My Boyfriend Was a Drug-Dealer
He was exciting; he liked my musical tastes; he listened to me when I talked. That’s pretty much all I needed to know: I had to have him.
January 29, 2014 | Sweat | February 2014
I think after all of these years, the part that I remember most clearly is the fact that he didn’t even have the decency to get a bed.
What he had instead was a futon mattress laying on the floor, upon which dust balls would find their way, sticking to the corners. Whenever he’d have “visitors”, he would fold up this mattress, resting half of it against the wall, building a makeshift couch.
Why? Because he dealt drugs out of the attic. And the door to the attic was in his bedroom.
I didn’t wake up one morning, at 15 years old, and think that going out with a drug dealer was a great idea. It crept up on me, as I was a naïve and unaware kid.
Four years my senior, I met him while we were baking pizzas in a small shop in the suburbs. He was exciting; he liked my musical tastes; he listened to me when I talked. That’s pretty much all I needed to know: I had to have him.
It wasn’t hard. When his longterm girlfriend broke things off with him because he was too possessive and volatile, I took my chance.
I should’ve really thought long and hard about the “possessive” and “volatile” thing.
But I didn’t, and there he was: A boyfriend with a car, tattoos, and a penchant for weed.
Reading that, I can’t believe how cliché it all seems. And I guess it was; textbook smart-nerdy-girl gets seduced by the “dark” side. But it’s not like that, not when you’re in it. What I saw was a sweet guy, in touch with his emotions, trying to kick a bad habit. That’s what I chose to see, so that’s what I saw.
The troubles started when he got his own apartment. Either out of a need to pay rent, or because freedom made him feel invincible, he got it in his mind that there wasn’t anything wrong with dealing on the side. Fuck the police, you know?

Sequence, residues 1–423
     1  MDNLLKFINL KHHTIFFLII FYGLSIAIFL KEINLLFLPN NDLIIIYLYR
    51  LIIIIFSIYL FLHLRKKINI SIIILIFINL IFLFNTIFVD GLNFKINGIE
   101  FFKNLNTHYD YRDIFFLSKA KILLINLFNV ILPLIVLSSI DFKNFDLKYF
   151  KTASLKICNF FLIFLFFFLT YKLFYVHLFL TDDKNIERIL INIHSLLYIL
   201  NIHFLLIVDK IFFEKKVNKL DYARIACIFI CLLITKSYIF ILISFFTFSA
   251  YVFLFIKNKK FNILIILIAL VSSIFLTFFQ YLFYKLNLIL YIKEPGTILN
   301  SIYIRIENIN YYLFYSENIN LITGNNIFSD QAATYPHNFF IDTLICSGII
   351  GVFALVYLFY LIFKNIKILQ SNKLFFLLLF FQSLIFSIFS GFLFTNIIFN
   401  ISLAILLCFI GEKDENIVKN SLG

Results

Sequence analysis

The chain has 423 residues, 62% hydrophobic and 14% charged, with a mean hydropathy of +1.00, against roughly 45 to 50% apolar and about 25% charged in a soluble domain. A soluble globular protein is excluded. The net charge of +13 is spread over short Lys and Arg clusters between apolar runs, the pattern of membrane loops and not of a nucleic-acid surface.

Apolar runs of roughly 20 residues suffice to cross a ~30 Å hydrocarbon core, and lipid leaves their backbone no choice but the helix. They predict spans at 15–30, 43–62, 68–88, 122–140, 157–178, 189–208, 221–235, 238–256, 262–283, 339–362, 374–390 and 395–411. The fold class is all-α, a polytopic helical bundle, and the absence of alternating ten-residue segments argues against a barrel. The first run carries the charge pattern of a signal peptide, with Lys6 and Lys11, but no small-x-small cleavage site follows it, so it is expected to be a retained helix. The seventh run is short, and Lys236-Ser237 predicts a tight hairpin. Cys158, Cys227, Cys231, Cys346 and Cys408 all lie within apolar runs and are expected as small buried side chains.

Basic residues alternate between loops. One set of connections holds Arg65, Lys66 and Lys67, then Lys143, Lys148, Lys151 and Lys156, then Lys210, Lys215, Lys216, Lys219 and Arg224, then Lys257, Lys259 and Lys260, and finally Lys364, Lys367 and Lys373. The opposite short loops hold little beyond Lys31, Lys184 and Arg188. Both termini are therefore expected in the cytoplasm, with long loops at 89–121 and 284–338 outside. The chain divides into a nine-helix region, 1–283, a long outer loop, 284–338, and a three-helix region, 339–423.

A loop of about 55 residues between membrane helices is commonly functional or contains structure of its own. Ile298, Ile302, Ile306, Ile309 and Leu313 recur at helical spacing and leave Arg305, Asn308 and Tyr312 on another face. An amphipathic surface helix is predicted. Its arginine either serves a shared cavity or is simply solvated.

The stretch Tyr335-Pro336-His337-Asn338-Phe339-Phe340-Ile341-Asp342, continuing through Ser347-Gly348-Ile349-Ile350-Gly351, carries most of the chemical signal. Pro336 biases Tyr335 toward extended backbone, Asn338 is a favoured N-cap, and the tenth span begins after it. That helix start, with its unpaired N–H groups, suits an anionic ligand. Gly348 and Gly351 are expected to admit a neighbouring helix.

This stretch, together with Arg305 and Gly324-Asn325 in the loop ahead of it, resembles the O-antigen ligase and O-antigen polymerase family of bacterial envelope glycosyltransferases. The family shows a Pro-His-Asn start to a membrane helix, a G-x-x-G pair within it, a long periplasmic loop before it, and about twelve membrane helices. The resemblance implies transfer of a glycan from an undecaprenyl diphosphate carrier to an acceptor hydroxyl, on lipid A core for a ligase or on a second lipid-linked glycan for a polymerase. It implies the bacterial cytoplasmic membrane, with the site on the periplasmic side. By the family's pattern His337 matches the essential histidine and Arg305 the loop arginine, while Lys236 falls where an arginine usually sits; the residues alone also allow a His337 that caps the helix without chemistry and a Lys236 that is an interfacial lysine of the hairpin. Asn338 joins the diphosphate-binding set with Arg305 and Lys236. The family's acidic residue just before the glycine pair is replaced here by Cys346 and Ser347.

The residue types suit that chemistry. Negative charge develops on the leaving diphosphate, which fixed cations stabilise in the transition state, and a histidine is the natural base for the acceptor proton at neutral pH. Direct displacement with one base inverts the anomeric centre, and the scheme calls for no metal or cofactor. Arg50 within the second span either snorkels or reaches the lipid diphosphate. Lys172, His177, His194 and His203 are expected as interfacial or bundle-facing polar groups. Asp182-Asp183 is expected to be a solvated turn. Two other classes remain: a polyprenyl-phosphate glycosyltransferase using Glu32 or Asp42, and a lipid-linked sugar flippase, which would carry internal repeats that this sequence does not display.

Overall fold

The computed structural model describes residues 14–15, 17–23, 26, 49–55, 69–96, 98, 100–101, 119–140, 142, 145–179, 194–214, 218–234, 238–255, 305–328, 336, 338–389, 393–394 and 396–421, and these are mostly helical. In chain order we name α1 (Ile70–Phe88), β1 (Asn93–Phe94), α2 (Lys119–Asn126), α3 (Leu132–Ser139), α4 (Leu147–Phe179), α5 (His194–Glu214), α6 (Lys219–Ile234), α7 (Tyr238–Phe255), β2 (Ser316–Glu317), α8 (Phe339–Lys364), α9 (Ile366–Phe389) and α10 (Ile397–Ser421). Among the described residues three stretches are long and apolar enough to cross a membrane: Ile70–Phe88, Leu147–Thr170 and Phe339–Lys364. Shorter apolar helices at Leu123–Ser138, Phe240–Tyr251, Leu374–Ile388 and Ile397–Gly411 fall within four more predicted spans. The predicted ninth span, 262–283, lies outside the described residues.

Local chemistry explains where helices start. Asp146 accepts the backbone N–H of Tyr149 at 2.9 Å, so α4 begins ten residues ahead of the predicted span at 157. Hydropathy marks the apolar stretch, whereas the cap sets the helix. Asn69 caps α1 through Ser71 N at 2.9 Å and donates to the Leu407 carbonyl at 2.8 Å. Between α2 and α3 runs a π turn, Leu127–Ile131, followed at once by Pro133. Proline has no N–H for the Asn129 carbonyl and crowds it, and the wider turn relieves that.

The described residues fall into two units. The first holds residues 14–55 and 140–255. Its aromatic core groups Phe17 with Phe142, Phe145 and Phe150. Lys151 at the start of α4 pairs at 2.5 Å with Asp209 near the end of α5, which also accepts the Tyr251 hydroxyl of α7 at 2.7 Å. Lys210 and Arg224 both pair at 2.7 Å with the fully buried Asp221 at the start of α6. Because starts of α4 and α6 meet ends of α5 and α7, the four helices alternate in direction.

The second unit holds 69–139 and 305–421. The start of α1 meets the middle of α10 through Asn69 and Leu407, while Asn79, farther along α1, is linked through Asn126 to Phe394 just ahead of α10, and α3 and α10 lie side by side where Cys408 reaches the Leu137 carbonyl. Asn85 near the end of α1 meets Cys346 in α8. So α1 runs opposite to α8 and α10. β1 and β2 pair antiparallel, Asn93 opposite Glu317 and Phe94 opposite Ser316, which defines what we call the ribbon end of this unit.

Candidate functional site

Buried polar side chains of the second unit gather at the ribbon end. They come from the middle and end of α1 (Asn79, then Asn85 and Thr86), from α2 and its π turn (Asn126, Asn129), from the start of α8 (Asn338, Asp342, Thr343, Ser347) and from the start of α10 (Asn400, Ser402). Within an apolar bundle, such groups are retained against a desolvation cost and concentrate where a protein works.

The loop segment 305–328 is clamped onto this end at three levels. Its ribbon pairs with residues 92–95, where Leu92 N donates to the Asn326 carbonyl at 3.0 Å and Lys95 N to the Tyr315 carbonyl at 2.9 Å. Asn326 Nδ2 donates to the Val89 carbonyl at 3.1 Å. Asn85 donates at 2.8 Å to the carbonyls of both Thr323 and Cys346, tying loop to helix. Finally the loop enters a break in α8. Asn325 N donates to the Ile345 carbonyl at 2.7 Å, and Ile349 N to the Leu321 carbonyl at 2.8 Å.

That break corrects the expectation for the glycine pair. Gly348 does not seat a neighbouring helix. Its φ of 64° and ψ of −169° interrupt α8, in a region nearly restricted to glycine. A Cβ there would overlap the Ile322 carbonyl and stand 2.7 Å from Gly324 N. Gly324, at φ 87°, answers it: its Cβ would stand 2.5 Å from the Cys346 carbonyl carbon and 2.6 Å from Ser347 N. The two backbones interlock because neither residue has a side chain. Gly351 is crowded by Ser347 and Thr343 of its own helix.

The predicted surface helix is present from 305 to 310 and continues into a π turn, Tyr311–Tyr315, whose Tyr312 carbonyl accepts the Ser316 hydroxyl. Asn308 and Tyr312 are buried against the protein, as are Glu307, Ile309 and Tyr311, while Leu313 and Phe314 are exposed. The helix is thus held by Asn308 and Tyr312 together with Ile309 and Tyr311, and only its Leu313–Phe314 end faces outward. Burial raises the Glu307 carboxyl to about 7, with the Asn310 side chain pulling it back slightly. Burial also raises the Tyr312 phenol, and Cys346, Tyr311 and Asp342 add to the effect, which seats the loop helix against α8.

The worst thing about dating a drug dealer are the phone calls, closely followed by the impromptu visits. I learned to hate that ringtone, and dread the sound of approaching footsteps on wooden stairways.
I can’t count the number of times anything we did got interrupted by a druggie looking for his fix. Eating supper? Not anymore. Winning at Mario Kart? Sorry, better luck next time. Having sex? Hold on a sec, it won’t take long.
The power dynamics in that relationship were so screwed up, I felt like I didn’t have a right to voice my worries. So I took to writing. I wrote him countless letters, explaining how wrong I thought this whole thing was under many angles. I tried the “I couldn’t handle it if you went to jail” angle, as well as the “I hate your asshole friends” angle.
I never gave him any of them.
The breaking point happened on a hot day in July.
We were laying on his dusty folded up futon, the ceiling fan blowing hair in my face. It was one of our good days; quiet, silence enveloping us, comfortable. I think we were talking about our feelings for each other, something we hardly ever did. Then that dreaded ringtone sounded, closely followed by the sound of a car engine in the driveway. I closed my eyes, and I clearly remembered thinking how sleazy his friends were for giving him a two-second warning with that phone call. He got up as we heard the footsteps, and as he ushered them through the room, I looked up from my unmoved position on the futon. They all stared at me, guilty looks in their eyes, and sheepish “hi”s and “hello”s as they filed in, one by one, on their way to the attic.
As I heard them weighing and measuring upstairs, I covered my eyes with the blanket and tried to still the anger flooding my muscles, tensing up my jaw.
I didn’t even have to say anything after the guys had left. He read it on my face, and did all of the talking. About how sorry he was, how he wanted to end it, how he never should’ve started in the first place. Without saying a word, I think it was one of the only nights in our entire relationship where I held my own.
A few days later, out of what I imagine was a sense of guilt, he asked me if I wanted to take a trip to the nearest big city. I wasn’t fooled, and I proceeded to make him spend all of the drug money he had saved up.
I don’t think he ever forgave me.
But that’s ok. I don’t think I ever forgave him, either.
Illustrations by Laura Caseley and Esme Blegvad.